Furthermore, in patients treated with etanercept, TNF-α concentrations were reduced by 61% after IgG depletion of plasma. This process also removes etanercept (free etanercept as well as etanercept-TNF-α complexes), which contains the Fc fragment of IgG1. TNF-α concentrations were similar in IgG-depleted plasma from etanercept-treated compared with placebo-treated patients. As some etanercept-bound TNF-α will remain in IgG-depleted plasma from etanercept-treated patients, while only free TNF-α is present in IgG-depleted plasma from placebo-treated patients, the similar overall TNF-α concentrations in IgG-depleted plasma most likely reflect that free TNF-α concentrations were lower in plasma from etanercept-treated patients than in plasma from placebo-treated patients. So, these observations indicate that by the end of the trial, etanercept was still present in plasma and able to lower free TNF-α concentrations compared with values in placebo-treated patients [27].

In the present study, TNF-α concentrations in plasma were higher in patients with PMR than in non-PMR controls subjects (Figure 2) before treatment in both treatment groups. This is in accordance with findings in a recent study, in which we showed that interstitial TNF-α concentrations in affected muscle are increased in untreated PMR and normalized in parallel with complete clinical remission during 14 days of prednisolone therapy [9]. Although these findings are suggestive, the fact that in the present study TNF-α blockade had only a modest limiting effect on disease activity indicates that TNF-α is not a major determinant of the pathophysiology in PMR. Interestingly, in a study of two patients with previously untreated GCA, a condition generally considered to be closely related to PMR, a dramatic improvement was observed within 14 days of monotherapy with the anti-TNF-α monoclonal antibody infliximab, and it was concluded that in this disease TNF-α plays a major role in mediating inflammation [28].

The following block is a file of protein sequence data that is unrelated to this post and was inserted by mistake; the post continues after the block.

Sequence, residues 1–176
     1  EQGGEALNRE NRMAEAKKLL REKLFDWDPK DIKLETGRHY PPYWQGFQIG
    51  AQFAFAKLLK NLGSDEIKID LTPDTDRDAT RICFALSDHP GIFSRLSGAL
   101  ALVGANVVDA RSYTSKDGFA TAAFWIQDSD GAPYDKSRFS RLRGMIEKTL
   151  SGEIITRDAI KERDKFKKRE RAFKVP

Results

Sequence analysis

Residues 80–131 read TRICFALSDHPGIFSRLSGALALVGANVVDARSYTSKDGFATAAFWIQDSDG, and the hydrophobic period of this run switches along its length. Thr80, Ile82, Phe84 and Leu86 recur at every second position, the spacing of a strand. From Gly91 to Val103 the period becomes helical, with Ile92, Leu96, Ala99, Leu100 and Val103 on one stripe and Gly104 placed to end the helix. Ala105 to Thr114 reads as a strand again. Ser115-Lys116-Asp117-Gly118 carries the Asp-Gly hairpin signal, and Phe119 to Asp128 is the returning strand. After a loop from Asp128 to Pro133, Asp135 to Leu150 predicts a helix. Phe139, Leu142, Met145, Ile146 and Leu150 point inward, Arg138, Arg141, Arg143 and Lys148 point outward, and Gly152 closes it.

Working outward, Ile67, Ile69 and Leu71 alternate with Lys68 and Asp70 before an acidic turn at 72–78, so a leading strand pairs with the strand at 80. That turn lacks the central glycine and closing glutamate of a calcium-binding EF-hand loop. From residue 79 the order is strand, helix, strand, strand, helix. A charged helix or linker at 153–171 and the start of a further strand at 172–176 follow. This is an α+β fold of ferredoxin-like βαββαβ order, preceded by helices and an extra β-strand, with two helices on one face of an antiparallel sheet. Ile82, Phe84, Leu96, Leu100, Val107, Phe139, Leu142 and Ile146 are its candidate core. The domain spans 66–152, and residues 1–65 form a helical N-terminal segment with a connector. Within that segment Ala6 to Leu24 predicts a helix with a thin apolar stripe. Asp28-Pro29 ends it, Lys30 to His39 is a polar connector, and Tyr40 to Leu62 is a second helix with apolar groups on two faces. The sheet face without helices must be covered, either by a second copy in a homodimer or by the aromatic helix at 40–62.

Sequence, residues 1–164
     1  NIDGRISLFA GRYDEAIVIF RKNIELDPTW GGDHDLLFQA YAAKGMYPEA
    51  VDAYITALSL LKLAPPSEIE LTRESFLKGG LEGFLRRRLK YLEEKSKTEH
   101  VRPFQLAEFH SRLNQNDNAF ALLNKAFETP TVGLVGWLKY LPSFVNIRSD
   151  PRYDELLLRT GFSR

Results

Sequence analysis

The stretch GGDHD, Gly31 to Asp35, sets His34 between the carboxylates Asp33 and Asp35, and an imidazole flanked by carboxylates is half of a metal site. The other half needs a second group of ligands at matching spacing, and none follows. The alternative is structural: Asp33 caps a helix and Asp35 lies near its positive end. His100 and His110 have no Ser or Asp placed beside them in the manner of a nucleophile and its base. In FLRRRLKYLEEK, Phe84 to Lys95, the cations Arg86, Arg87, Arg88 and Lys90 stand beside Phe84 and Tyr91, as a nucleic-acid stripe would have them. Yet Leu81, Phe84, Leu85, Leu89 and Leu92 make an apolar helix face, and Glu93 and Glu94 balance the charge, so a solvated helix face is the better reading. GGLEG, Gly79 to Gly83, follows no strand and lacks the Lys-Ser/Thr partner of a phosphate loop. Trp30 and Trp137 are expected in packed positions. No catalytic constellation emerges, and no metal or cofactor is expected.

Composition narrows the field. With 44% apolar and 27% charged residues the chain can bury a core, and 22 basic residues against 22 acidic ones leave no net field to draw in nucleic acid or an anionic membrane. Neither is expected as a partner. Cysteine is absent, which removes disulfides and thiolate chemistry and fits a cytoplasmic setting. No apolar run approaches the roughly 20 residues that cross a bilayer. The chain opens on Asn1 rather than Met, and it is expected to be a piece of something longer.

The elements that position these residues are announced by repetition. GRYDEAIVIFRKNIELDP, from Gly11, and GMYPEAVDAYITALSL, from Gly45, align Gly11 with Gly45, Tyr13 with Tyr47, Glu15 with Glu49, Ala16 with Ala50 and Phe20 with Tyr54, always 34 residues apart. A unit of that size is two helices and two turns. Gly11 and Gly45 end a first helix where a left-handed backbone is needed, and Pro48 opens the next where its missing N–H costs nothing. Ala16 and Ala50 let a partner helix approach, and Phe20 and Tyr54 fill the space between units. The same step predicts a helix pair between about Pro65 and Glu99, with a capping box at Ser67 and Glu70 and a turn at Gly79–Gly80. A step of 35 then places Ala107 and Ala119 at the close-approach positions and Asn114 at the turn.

In the present study, the same experienced rheumatology specialist evaluated all patients. It is interesting to note that although being blinded to treatment allocation, the specialist's evaluation of disease activity as reflected by shoulder mobility (E) and VASph, was in better agreement with paraclinical measures (ESR, CRP, and IL-6) than the patients' own evaluations of disease activity as apparent from MST, VASp, and HAQ. Due to the monotherapeutic design of the present RCT, potential effects of etanercept were not obscured by simultaneous administration of other anti-inflammatory drugs such as GCs. As a consequence, however, the trial had to be brief. Thus, it is possible that a larger effect of etanercept would have been demonstrated had it been possible to extend the duration of the trial. However, in patients with RA the effect of etanercept occurs rapidly [20]. Furthermore, in patients with GCA a small uncontrolled study showed a dramatic effect of infliximab monotherapy treatment in the early phase [28]. Conversely, a RCT has shown that extension of infliximab therapy to 22 weeks does not diminish the need for simultaneous GC therapy [29]. Still, in some contrast to the latter study, a GC-sparing effect of etanercept has been demonstrated in a recent RCT when administered late in the course of GCA in patients with side effects from GC [19]. However, such patients may have a particularly strong inflammatory reaction making them relatively GC-resistant [6, 30] and sensitive to TNF-α blockade [31].